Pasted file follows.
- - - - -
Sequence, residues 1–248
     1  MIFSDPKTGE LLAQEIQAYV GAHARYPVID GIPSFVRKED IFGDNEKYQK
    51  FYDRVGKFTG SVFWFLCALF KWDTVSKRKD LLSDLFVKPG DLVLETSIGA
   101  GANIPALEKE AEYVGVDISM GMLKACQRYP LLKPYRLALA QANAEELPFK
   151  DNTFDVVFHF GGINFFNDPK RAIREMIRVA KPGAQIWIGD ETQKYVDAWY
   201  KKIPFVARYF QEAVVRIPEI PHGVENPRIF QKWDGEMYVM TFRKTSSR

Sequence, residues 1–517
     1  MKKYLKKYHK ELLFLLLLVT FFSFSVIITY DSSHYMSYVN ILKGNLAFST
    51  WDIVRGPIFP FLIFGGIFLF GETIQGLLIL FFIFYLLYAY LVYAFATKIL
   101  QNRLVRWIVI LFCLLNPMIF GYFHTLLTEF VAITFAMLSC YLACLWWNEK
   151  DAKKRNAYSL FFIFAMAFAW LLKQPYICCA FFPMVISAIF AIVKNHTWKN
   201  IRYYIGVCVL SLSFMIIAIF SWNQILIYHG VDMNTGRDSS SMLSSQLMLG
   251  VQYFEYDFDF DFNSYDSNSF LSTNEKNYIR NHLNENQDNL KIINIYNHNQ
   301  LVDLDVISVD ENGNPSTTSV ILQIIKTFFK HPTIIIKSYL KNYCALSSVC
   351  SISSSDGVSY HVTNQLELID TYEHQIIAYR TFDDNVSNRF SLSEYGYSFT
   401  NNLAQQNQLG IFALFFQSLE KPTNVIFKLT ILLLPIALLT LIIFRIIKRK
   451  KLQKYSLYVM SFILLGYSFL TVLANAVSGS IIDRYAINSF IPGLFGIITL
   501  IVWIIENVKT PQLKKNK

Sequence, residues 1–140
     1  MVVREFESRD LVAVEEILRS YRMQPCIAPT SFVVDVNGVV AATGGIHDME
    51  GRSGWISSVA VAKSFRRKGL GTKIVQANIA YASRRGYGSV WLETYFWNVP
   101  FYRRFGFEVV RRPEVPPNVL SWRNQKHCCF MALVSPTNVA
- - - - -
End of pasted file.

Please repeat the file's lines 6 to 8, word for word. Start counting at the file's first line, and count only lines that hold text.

   201  KKIPFVARYF QEAVVRIPEI PHGVENPRIF QKWDGEMYVM TFRKTSSR

Sequence, residues 1–517
     1  MKKYLKKYHK ELLFLLLLVT FFSFSVIITY DSSHYMSYVN ILKGNLAFST